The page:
Distinct lipid droplet characteristics and distribution unmask the apparent contradiction of the athlete's paradox

Sabine Daemen, Anne Gemmink, Bram Brouwers, Ruth C.R. Meex, Peter R. Huntjens, Gert Schaart, Esther Moonen-Kornips, Johanna Jörgensen, Joris Hoeks, Patrick Schrauwen, Matthijs K.C. Hesselink

Individuals with type 2 diabetes present with increased storage of intramyocellular lipid (IMCL). Paradoxically, IMCL levels are also elevated in endurance trained athletes, who are very insulin sensitive. This phenomenon is known as the athlete’s paradox. Daemen, Gemmink, et al. examined the athlete’s paradox in individuals with similar levels of IMCL but over a wide range of insulin sensitivity. They found that insulin sensitive, trained individuals possess high levels of muscle fat that is dispersed in small lipid droplets in oxidative type I muscle fibers. On the other hand, in the insulin resistant type 2 diabetic state, most of the muscle fat is found in large lipid droplets in the subsarcolemmal space of type II muscle fibers. Therefore, the athlete’s paradox can be explained from a physiological perspective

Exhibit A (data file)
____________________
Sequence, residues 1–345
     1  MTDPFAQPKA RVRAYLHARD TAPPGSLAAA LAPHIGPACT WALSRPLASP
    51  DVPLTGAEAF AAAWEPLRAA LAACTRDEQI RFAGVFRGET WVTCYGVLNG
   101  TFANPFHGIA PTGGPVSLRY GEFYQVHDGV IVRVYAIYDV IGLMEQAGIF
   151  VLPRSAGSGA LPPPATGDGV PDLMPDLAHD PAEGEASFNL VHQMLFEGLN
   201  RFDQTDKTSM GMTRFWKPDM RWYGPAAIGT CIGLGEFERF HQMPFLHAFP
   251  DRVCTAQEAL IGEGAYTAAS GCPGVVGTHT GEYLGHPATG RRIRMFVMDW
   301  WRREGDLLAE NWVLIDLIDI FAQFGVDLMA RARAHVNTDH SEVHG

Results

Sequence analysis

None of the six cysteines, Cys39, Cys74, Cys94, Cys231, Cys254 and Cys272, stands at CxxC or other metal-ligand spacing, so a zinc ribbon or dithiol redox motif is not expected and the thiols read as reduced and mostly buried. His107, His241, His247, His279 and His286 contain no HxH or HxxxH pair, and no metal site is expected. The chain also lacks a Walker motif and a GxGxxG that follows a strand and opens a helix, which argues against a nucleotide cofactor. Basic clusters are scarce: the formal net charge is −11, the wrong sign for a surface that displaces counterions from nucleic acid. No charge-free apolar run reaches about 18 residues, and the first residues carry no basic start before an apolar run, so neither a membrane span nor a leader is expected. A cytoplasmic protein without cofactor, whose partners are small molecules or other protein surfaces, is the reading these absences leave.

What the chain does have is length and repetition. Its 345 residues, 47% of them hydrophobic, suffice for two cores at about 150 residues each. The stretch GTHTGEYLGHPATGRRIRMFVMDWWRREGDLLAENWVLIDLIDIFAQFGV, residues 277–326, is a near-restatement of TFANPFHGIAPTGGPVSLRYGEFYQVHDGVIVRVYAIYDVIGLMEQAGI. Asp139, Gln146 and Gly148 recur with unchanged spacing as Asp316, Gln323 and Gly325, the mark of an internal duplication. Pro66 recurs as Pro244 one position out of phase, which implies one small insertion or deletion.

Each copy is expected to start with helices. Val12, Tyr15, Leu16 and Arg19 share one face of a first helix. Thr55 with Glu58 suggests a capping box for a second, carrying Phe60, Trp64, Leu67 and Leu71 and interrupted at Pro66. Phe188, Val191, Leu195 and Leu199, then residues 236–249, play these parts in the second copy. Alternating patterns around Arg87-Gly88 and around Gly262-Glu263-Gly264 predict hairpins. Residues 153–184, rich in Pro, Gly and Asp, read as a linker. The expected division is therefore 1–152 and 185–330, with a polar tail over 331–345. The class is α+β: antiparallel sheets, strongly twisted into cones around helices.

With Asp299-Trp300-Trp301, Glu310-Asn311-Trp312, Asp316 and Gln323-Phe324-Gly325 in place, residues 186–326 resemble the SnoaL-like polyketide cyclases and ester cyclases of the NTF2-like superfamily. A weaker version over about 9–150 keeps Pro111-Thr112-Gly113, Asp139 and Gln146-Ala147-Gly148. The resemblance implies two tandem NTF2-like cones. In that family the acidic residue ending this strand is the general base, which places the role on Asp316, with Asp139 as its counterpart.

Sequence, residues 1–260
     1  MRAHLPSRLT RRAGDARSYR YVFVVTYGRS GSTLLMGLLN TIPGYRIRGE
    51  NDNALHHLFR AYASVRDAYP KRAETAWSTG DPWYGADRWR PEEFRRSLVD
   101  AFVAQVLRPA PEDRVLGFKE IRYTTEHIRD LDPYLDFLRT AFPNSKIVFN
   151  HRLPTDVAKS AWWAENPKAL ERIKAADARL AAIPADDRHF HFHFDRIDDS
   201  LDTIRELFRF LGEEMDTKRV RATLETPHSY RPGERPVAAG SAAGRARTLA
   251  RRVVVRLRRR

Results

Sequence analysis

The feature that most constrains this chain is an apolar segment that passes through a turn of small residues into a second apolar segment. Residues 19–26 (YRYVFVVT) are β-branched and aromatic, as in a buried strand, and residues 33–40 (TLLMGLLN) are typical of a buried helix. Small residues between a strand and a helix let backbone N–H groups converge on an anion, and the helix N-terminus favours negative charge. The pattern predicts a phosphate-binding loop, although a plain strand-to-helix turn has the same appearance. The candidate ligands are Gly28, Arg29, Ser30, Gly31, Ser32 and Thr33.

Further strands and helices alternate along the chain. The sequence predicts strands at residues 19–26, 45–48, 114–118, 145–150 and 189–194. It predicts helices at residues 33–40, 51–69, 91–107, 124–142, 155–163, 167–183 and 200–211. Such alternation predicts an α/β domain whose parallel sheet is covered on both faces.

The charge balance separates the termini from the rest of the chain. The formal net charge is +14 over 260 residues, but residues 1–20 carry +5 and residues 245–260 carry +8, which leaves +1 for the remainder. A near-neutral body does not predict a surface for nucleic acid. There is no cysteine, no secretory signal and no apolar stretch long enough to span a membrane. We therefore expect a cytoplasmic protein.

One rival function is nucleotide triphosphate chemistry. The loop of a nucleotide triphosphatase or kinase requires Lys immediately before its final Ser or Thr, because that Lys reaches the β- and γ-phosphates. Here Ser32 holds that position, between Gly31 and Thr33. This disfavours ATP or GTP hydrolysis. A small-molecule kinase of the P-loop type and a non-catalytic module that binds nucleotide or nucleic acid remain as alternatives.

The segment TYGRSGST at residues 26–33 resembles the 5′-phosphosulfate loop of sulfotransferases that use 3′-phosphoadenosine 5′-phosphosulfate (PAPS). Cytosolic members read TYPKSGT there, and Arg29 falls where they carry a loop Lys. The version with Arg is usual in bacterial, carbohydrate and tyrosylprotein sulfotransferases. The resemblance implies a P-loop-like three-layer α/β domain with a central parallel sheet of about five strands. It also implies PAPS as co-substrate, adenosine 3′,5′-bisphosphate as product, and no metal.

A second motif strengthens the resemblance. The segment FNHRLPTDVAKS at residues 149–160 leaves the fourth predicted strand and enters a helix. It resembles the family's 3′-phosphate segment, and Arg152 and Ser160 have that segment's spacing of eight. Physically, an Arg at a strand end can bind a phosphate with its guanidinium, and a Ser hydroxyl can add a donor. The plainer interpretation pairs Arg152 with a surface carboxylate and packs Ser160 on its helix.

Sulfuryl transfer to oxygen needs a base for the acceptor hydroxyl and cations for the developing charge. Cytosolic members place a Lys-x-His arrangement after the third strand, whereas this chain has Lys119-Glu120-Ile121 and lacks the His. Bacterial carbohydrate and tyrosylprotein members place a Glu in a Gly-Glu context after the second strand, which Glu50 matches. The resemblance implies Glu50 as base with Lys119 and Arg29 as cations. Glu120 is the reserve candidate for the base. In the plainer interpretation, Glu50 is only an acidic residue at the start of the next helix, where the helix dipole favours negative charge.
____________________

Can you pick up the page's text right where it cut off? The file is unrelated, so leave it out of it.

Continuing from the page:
Objective: Intramyocellular lipid (IMCL) storage negatively associates with insulin resistance, albeit not in endurance-trained athletes. We investigated the putative contribution of lipid droplet (LD) morphology and subcellular localization to the so-called athlete's paradox.

Methods: We performed quantitative immunofluorescent confocal imaging of muscle biopsy sections from endurance Trained, Lean sedentary, Obese, and Type 2 diabetes (T2DM) participants (n = 8/group). T2DM patients and Trained individuals were matched for IMCL content. Furthermore we performed this analysis in biopsies of T2DM patients before and after a 12-week exercise program (n = 8).

Results: We found marked differences in lipid storage morphology between trained subjects and T2DM: the latter group mainly store lipid in larger LDs in the subsarcolemmal (SS) region of type II fibers, whereas Trained store lipid in a higher number of LDs in the intramyofibrillar (IMF) region of type I fibers. In addition, a twelve-week combined endurance and strength exercise program resulted in a LD phenotype shift in T2DM patients partly towards an ‘athlete-like’ phenotype, accompanied by improved insulin sensitivity. Proteins involved in LD turnover were also more abundant in Trained than in T2DM and partly changed in an ‘athlete-like’ fashion in T2DM patients upon exercise training.

Conclusions: Our findings provide a physiological explanation for the athlete's paradox and reveal LD morphology and distribution as a major determinant of skeletal muscle insulin sensitivity.